In a series of deadly opening blows in China's yearly battle with floods, 240 people have been killed and 60 million others are in danger following torrential rain in the Yangtze River valley, Chinese disaster relief officials said today.

So far, 1.84 million people have been evacuated from eastern and central China's flood plains, according to a statement released today by the Ministry of Civil Affairs and carried by the official New China News Agency.

Heavy rain began falling on June 15, marking the beginning of the summer flood season. Last year, 3,656 people were killed in the worst floods to ravage China since 1954. But despite a year of preparations, and exhortations that China should change its approach to dealing with the environment, the old, deadly pattern appears to be holding.

China's population has doubled since the 1950s, and farmers have staked claims to land that historically served as a flood plain. Decades of logging in the upper reaches of the Yangtze, China's longest river, has resulted in a massive buildup of silt downstream. Many areas the government has set aside for flood control also have been reclaimed by local residents desperate to find farmland.

The ministry said that hundreds of thousands of farmers have lost their homes, 1.6 million acres of crops have been destroyed and millions more have been damaged since late last month, causing losses of $3.39 billion. Anhui and Guangxi provinces, along with more developed Zhejiang and Hubei provinces, have been the hardest hit.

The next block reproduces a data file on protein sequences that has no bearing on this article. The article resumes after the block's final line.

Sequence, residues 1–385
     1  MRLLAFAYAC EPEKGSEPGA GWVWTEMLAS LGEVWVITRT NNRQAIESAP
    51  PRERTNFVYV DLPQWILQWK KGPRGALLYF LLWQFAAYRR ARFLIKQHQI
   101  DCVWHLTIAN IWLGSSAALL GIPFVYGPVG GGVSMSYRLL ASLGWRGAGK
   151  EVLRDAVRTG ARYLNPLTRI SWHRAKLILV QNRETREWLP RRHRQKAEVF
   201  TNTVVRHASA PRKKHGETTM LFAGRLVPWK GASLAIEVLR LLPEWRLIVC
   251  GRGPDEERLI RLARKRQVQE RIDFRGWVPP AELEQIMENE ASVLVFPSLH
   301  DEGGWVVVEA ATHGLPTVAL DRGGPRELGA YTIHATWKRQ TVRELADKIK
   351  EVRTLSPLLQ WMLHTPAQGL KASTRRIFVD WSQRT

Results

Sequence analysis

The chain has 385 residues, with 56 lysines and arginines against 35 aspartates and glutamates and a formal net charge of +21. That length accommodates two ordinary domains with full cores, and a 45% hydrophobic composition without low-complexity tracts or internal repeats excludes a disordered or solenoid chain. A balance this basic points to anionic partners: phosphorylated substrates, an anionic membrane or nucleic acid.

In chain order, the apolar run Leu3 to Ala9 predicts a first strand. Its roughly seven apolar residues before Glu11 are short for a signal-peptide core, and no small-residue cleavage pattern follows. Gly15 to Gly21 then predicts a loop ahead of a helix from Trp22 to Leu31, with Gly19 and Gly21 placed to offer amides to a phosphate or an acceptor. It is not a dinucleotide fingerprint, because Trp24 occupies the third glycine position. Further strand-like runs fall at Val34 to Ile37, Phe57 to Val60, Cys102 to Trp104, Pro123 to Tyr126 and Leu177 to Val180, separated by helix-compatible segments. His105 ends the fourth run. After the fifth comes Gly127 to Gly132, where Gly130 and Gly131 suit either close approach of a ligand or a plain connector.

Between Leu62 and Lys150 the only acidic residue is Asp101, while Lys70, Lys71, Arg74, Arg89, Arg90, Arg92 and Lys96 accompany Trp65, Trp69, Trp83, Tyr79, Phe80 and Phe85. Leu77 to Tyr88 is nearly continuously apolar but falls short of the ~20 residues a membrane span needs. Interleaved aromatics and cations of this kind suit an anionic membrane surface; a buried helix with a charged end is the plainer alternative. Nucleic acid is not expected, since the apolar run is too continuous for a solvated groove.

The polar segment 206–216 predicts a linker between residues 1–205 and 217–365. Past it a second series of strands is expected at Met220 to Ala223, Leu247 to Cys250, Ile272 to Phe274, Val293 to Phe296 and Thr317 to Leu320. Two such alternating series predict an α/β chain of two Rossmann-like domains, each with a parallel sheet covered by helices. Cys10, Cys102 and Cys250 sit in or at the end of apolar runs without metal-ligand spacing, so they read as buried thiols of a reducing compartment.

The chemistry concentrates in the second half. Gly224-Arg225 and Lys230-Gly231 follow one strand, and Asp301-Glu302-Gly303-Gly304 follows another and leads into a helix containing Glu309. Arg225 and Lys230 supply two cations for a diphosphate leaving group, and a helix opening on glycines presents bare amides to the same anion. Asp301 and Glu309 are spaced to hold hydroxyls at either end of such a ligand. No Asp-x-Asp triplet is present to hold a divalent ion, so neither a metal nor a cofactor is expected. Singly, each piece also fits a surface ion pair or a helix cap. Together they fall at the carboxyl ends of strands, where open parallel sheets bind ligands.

Millions of soldiers and residents have been put to work patrolling and reinforcing the earthen dikes that channel the mighty Yangtze and its tributaries. When water seeps under the barriers and gurgles up through the dirt on the other side, workers use gravel and sand to stop the leaks and prevent a major dike burst.

Flood control officials say the largely low-tech approach is born of China's continued economic underdevelopment. A ministry spokesman said the government "will closely monitor the situation in order to ensure social stability," according to the New China News Agency. An average yearly death toll from floods in China is about 2,000, government officials have said.